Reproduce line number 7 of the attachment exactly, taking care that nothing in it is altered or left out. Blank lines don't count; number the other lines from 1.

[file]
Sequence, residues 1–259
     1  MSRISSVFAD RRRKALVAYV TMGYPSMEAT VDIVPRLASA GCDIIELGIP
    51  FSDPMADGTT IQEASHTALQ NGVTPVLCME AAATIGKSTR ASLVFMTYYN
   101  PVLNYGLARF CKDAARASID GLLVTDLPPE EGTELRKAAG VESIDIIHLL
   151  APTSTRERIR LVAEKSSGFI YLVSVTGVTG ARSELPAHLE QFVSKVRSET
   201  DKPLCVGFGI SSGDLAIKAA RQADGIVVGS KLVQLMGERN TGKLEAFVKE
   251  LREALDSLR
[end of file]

   251  LREALDSLR